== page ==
- The U.S. has experienced 14 recessions in the last 100 years that lasted anywhere from a few months to several years.
- Healthy financial habits will give you more room to face issues that may arise during a recession, such as job loss.
- Diversifying your portfolio and investing in yourself will help prevent loss of income and protect the value of your money.
The U.S. economy is robust and diverse, but when growth rates fall into the red and unemployment rises, a recession can emerge. The U.S. has experienced two recessions in the last 15 years: the Great Financial Recession of 2007-2009 and the pandemic-induced recession of 2020.
Since early 2022, fears of another recession have grabbed financial headlines, largely due to record-high inflationary pressure and the Federal Reserve’s focus on reducing inflation by raising interest rates. Inflation has moderated in 2023, but economic anxiety remains elevated.
Regardless of how you feel about the state of the economy, there are some things you can do to improve your finances and protect your investments.
How To Prepare for a Recession
Conducting worst-case scenario planning for economic crises and implementing appropriate measures is the most holistic and effective approach to protect yourself from a recession. This entails ensuring you have a solid budget, ample liquidity, minimal debt, a diversified portfolio and appropriate investments in yourself. These are all things designed to ensure you have access to money you may, but probably will not, need.
This may seem unnecessary to individuals inclined to lean hard into risk-laden ventures. Nevertheless, it is invaluable when the economy goes off the rails, which it inevitably does, and at an increasingly frequent clip.
Let’s Talk About Your Financial Goals.
Buckle Down Your Budget
A sound financial plan always begins with an assessment of your current financial state, the establishment of a sensible budget and an estimate of short- and long-term objectives. The starting point is determining the amount of income you bring home each month and the extent of your essential spending, which is formally referred to as nondiscretionary spending.
A recession can throw the best of plans awry, especially if it involves a job loss. Having emergency savings of about six months of expenses can cushion the financial hardship and keep you on course for your retirement savings. One option for investors is to use their Roth individual retirement account as both a retirement account and a source of emergency savings (but only if absolutely necessary). Roth contributions (but not earnings) can be withdrawn tax-free and without penalty at any time.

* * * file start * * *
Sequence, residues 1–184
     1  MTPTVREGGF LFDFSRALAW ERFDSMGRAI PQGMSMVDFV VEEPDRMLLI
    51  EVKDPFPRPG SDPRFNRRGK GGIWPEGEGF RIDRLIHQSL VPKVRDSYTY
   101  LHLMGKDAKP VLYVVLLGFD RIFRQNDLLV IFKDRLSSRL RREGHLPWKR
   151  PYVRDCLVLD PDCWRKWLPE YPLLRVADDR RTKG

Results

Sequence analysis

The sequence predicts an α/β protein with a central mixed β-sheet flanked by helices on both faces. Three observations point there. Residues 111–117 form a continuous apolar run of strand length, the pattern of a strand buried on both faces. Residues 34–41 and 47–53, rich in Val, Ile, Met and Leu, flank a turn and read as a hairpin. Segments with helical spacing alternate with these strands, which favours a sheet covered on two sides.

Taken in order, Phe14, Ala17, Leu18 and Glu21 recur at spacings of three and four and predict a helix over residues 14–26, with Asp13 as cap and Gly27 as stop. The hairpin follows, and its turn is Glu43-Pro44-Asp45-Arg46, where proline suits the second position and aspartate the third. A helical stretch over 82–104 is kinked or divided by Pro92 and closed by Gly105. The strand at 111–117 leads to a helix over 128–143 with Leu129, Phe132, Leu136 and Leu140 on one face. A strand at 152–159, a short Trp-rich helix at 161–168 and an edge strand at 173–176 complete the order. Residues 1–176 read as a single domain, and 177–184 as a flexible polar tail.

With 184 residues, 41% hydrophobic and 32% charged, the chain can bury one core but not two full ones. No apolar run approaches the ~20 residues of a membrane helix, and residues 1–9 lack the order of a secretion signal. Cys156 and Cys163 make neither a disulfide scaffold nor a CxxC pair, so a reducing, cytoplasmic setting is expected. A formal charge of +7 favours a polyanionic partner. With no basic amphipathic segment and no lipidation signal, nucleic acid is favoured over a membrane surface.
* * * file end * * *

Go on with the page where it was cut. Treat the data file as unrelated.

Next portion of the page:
When you look at your income, consider how much you take home each paycheck after accounting for income taxes and key deductions, such as health care premiums and 401(k) contributions. Then, spend some time thinking about how you can increase your income via freelance gigs or passive income streams.
Be realistic when brainstorming your options, but strive to be as creative as possible. The importance of this exercise cannot be understated. If you lose your primary income in a recession, a backup source of income is invaluable.
Essential spending is a largely inflexible part of your budget. It represents needs rather than wants, and it encompasses an array of important categories, such as rent, utilities, groceries and transportation.
Nonessential spending is the opposite. It consists of discretionary categories, such as vacations, dining out and streaming memberships. You can live without these items, and if times get tough, cutting them can improve your budgetary position.
For the best results, take cutback action in advance of the next recession. You don’t have to eliminate everything discretionary, but rationalizing where you spend your money can yield real savings. It can significantly enhance the control you maintain over your day-to-day spend without sacrificing quality of life.
After ensuring you have clear visibility into your income and nondiscretionary versus discretionary spend, it is critical to forecast significant financial obligations. Take special care to document expenses you anticipate within the next five years. This could include a wedding, a down payment for a home, a school tuition or an imminent retirement.
About 60% of Americans considered delaying their retirement following the Great Financial Recession of 2007 to 2009.
Boost Your Emergency Savings
Financial experts recommend having six to nine months’ worth of nondiscretionary spend in savings in case of an emergency. Maintaining six to nine months’ worth of income, including both nondiscretionary and discretionary spend, is an alternate, more conservative guideline. Regardless of the size of your liquidity reserve, the funds should be highly accessible at all times.
Recommended savings vehicles are high-yield savings accounts and stable-value money market accounts. When evaluating your options, compare the interest rates offered. The higher the rate, the more passive income you can generate.
Terry Turner, senior writer and financial wellness expert for Annuity.org, advises that six to nine months of savings is enough to find a new job, even in a recession. “An emergency fund lets you pay your bills and day-to-day expenses without using credit cards or damaging your credit rating,” he says.
If you don’t already have emergency savings, start saving as much as you can without compromising your retirement goals. An emergency account can keep you afloat if you lose a job, and it can also cover surprise expenses like car repairs.
As a result of the COVID-19 pandemic, the U.S. unemployment rate reached an all-time recorded high of 14.7% in 2020. The average unemployed person was jobless for 16 1/2 weeks, highlighting the importance of robust emergency savings.